June 21, 2008

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Ultimate Pans

Apollo panoramas re-assembled and available at Lunar and Planetary Institute, Houston, TX

The Lunar and Planetary Institute has just added new resources to their Lunar Science & Exploration web portal. The illustration here shows thumbnails of six of the 22 panoramas now available at the LPI site. All of the pans were assembled from newly digitized images of the Hasselblad camera photographs taken on the surface. The top Apollo 15 pan dramatically shows the tilt of the Lunar Module lander - it came down on the rim of a small crater with one of the lander's legs inside the crater. Each of the pans can be enlarged and you can pan across the pans. This is a nice job of digitizing and mosaicking by the folks at the Information Resources Directorate at Johnson Space Center.

Chuck Wood

Yesterday's LPOD: Greek Moonrise

Tomorrow's LPOD: Percy Who?


1. Superb!!! Thanks LPI and Chuck! Let's explore!
-- Danny Caes.

2. I didn't know about Apollo 15 tilt! I like it when I learn something new :)
-- Aleksander Božič aka SandiBandi

3. Yeah...a credit to LPI for this wonderful series of panoramas that brings the user into places one just wants to investigate more. The software -- Zoomify http://www.zoomify.com -- that LPI have used here is also very good, so a credit and mention to them, too. John----

4. Aleksander, Apollo 15's tilted LM Falcon was also called "The leaning tower of Pisa"! (mentioned in the article To The Mountains of the Moon by Kenneth F. Weaver, in the National Geographic of February 1972 (this is a splendid article on Apollo 15! Lots of orbital and surface photographs in it! And also some of Apollo 15's pans; assembled "the old fashioned way").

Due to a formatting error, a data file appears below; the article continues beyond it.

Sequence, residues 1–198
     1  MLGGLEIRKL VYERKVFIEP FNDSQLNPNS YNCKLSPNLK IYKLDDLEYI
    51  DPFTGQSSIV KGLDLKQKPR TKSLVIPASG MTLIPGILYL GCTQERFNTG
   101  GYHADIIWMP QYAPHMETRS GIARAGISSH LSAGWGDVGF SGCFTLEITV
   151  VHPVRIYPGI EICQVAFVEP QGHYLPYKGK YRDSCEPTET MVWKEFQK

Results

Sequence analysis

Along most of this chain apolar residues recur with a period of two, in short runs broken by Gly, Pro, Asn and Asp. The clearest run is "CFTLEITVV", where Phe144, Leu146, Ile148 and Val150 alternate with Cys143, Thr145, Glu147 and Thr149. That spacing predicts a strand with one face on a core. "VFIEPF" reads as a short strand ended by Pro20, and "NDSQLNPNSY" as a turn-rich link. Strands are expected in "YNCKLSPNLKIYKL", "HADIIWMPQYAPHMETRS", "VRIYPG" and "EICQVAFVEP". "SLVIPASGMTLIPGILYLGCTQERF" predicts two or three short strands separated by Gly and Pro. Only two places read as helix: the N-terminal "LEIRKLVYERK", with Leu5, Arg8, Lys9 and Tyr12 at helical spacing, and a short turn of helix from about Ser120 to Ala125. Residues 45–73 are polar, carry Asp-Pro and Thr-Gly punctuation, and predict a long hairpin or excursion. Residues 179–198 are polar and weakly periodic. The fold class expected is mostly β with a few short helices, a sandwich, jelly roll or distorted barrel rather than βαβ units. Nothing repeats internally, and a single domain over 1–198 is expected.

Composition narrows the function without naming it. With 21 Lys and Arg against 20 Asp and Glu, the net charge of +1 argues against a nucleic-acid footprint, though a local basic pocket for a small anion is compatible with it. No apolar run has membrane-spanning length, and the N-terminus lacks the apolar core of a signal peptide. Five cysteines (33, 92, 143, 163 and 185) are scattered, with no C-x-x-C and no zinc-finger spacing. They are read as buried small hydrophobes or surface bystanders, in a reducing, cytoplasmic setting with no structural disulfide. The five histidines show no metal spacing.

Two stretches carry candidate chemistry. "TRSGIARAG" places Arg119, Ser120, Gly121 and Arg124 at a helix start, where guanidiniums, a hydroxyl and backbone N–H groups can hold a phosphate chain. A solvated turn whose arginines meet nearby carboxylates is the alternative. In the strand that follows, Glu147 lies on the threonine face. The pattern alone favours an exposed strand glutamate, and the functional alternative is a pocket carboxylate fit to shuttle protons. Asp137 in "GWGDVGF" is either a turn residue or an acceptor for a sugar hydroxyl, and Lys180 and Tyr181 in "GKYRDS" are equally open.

-- Danny Caes.

5. Thx Danny! Do list for this summer has N.1 - invastigate all the Apollos ! ;)

6. If you look closely at the Apollo 15 engine bell you can make out some of the impact damage caused by it striking the regolith. This LM touched down at approximately twice the regular descent rate. Before today, I had never heard of the engine bell impact or noticed the damage caused by the higher terrain. Neat!!

Jeff G.

7. I see in various places where two of the rear pads for Apollo 15 were in the shallow crater (Rear View of Apollo15 in crater, Another Rear View). However, Apollo 14 came very close to a very small, deep looking crater for one landing pad (Apollo 14 landing pad near crater).
-- jfincannon

8. I wonder why there was no article on Apollo 12 in the National Geographic. Apollos 7, 9, 10, and 13 too: no articles in N.G. ...
Apollos 8, 11, 14, 15, 16, 17, and also Skylab and the ASTP (Apollo-Soyuz Test Project) appeared well-illustrated in N.G.
The articles on Apollo 16 and ASTP were a bit short, with few photographs.
-- Danny Caes.


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